Pickles & Gastritis

Gastritis commonly refers to irritation or inflammation of the stomach lining. Diet can make this medical condition worse. Spicy and highly acidic foods increase the production of stomach acids, irritating the mucus lining of the stomach.

If you suffer from gastritis, you may want to hold off on eating pickles until your inflammation has healed. (Image: OlgaLepeshkina/iStock/Getty Images)

If you suffer from gastritis, you should avoid eating foods like pickles, which can irritate your stomach. Although gastritis symptoms often improve with treatment and dietary changes, chronic gastritis can lead to more serious health issues.

Symptoms of Gastritis

Acids in the stomach that help digest food can irritate or damage the stomach lining. When this happens, gastritis symptoms occur. Common symptoms of gastritis include loss of appetite, indigestion, bloating and abdominal pain.

Other symptoms include vomiting and stomach cramps after eating. Gastritis can also cause constipation and diarrhea in some people. These symptoms may last only a few days, or linger for months.

Avoid trigger foods and eat smaller, more frequent meals to reduce the amount of acid your stomach produces. The release of less acid helps to relieve pain and gives your stomach lining time to heal.

Too Much Stomach Acid

Although any food or beverage you consume causes your stomach to secrete acid to aid in digestion, some foods may be especially irritating to the stomach. If you are prone to stomach problems, avoid pickles and other irritating foods to prevent the further irritation of your gastric inflammation.

In addition to acidic and spicy foods, you also want to limit or avoid alcohol and drinks with caffeine, such as cola and coffee. Foods that are high in fat also take longer to leave your stomach and may increase acidic irritation of your tender gastric lining.

Follow a Gastritis Diet

With gastritis, restrict the amount of salt and salty foods in your diet. Salt can irritate the lining of your stomach. Most pickles have high sodium content.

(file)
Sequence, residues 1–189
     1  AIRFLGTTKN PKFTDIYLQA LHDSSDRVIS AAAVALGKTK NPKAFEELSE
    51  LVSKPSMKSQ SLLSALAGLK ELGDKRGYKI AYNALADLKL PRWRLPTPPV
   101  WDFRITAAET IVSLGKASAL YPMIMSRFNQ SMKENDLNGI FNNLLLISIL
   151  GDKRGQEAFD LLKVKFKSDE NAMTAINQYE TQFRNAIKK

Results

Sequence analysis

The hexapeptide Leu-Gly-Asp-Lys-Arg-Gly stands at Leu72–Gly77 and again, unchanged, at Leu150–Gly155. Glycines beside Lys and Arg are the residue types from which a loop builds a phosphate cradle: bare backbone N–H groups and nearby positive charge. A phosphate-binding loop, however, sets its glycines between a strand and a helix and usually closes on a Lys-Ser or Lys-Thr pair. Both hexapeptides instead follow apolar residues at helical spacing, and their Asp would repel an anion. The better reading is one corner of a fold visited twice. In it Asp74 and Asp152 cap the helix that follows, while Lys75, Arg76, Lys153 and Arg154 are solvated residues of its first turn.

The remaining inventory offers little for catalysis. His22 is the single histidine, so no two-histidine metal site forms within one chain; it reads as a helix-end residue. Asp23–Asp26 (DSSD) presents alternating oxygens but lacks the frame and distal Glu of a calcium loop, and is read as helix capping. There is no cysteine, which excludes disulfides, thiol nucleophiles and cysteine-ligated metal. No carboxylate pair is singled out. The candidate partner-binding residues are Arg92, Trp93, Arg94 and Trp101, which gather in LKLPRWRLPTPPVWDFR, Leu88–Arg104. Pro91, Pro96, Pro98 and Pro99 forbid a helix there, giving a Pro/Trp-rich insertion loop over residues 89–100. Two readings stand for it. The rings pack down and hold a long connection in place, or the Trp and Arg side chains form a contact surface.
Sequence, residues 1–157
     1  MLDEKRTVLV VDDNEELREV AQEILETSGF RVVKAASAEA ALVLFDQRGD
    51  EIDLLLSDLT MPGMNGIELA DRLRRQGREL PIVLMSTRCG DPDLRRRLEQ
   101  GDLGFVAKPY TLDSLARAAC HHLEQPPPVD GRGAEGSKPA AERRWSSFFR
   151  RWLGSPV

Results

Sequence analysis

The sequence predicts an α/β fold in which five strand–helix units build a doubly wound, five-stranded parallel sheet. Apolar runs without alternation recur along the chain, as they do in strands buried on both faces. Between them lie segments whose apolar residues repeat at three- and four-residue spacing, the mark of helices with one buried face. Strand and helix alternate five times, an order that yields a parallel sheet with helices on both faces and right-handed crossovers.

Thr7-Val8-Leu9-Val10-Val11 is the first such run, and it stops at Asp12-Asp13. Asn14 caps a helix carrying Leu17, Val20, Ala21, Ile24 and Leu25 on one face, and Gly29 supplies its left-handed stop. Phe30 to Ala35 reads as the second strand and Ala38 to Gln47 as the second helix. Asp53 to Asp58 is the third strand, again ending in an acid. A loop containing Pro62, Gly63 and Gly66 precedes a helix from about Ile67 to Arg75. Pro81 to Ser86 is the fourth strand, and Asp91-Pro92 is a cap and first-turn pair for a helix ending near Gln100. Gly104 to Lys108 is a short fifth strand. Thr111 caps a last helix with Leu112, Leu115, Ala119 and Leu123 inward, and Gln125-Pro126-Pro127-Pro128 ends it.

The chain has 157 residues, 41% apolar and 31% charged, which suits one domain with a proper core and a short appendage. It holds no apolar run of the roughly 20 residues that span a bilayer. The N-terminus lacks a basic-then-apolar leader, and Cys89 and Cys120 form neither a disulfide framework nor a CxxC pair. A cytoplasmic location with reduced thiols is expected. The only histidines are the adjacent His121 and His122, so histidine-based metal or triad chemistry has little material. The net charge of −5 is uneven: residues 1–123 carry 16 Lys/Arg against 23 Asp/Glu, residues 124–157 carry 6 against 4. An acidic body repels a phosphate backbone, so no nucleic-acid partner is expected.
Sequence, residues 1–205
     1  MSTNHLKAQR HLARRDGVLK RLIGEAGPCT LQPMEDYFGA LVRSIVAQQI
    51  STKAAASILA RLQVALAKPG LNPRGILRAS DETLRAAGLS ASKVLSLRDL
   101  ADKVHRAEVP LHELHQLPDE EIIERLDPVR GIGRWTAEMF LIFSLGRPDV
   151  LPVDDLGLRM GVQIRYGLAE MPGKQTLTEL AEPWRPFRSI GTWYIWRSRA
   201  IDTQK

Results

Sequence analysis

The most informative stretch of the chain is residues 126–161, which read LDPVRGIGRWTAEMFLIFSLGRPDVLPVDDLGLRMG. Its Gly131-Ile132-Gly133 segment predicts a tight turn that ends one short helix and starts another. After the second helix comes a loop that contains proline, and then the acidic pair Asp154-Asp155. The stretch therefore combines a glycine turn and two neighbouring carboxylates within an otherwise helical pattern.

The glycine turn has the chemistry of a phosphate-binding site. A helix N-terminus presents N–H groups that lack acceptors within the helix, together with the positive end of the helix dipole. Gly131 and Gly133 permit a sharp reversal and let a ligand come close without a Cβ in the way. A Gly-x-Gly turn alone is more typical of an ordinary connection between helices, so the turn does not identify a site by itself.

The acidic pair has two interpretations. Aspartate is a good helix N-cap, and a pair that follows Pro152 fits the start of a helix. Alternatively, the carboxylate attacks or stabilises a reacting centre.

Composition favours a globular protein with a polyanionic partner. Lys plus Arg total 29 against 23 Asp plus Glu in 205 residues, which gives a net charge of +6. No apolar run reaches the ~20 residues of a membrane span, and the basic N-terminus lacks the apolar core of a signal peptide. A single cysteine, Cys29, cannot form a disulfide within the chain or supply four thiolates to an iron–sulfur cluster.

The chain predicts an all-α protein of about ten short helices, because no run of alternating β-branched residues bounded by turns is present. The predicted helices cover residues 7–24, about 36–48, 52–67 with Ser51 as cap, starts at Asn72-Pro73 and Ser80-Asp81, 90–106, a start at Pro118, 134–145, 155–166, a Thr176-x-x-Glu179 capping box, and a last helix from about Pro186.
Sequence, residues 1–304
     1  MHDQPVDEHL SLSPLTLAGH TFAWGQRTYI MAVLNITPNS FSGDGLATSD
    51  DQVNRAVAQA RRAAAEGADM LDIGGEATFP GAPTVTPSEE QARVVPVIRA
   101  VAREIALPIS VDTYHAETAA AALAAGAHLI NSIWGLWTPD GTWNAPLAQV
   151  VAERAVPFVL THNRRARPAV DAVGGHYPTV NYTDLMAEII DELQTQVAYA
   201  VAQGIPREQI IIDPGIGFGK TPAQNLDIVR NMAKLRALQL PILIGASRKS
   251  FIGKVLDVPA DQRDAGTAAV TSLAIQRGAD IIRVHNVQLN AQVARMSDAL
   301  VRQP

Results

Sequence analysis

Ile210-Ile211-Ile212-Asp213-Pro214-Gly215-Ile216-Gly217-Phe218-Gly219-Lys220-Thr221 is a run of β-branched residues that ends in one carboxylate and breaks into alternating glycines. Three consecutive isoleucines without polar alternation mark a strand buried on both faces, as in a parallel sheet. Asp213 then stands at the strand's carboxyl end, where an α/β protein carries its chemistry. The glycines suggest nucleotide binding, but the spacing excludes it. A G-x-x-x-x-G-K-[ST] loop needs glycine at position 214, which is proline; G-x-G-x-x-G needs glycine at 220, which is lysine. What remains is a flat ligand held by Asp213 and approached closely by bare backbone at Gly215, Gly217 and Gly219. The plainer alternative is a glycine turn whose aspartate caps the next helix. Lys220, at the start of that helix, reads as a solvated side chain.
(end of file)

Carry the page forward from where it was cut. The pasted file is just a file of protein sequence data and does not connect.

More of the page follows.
Avoid seasonings including garlic, cayenne and curry. Red peppers, hot chili peppers, sour foods and spices such as cinnamon and cloves can cause stomach upset as well. Sweet pickles, which have lower sodium content, are still highly acidic and therefore should be avoided.

Eat foods that digest easily and cause your stomach to secrete less acid. Vegetables, fruits and whole grains high in fiber are smart food choices for gastritis, as are low or nonfat dairy products.

H. pylori Bacterium

Onions, salt, vinegar and spices are the basic ingredients for pickling cucumbers and are also some of the foods that can irritate your stomach lining. In particular, vinegar has highly acidic properties. When pickling cucumbers, bacteria digest the sugar in the cucumbers during fermentation. The production of lactic acid during this process is what gives pickles their sour taste.

Although lactic acid actually kills harmful bacteria, including the H. pylori bacterium in the digestive tract, your doctor may prescribe antibiotics. Sometimes a combination of antibiotics is necessary to treat H. pylori infection — a common cause of gastritis. Inflammation results when these bacteria irritate the mucus layer of the stomach lining.

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